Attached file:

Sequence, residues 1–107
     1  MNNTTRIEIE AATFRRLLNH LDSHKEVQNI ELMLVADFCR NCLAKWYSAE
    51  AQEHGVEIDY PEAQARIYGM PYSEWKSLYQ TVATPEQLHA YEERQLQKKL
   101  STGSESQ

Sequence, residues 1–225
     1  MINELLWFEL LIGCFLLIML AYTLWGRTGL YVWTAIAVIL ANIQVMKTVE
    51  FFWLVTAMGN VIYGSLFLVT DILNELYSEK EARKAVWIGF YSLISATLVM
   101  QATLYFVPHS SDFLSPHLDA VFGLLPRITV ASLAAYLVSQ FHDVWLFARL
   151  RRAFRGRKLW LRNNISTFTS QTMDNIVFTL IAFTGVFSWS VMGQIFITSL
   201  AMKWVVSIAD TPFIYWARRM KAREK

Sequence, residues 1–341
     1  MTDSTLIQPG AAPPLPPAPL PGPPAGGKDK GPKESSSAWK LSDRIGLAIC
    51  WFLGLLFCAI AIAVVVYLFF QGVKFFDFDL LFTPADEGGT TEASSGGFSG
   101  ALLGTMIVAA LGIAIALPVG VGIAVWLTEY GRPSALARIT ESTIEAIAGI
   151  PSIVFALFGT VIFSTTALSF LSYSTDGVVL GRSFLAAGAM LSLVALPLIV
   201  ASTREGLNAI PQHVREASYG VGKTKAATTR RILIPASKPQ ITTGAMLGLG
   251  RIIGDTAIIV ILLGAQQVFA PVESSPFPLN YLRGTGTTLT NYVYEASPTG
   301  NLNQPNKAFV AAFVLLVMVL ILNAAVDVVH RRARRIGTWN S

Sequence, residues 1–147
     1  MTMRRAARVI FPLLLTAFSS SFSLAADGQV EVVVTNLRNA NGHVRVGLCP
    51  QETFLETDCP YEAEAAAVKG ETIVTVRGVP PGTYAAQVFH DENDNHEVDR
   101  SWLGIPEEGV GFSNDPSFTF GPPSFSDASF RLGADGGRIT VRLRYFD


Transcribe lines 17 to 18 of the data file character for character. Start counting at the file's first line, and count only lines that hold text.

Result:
   251  RIIGDTAIIV ILLGAQQVFA PVESSPFPLN YLRGTGTTLT NYVYEASPTG
   301  NLNQPNKAFV AAFVLLVMVL ILNAAVDVVH RRARRIGTWN S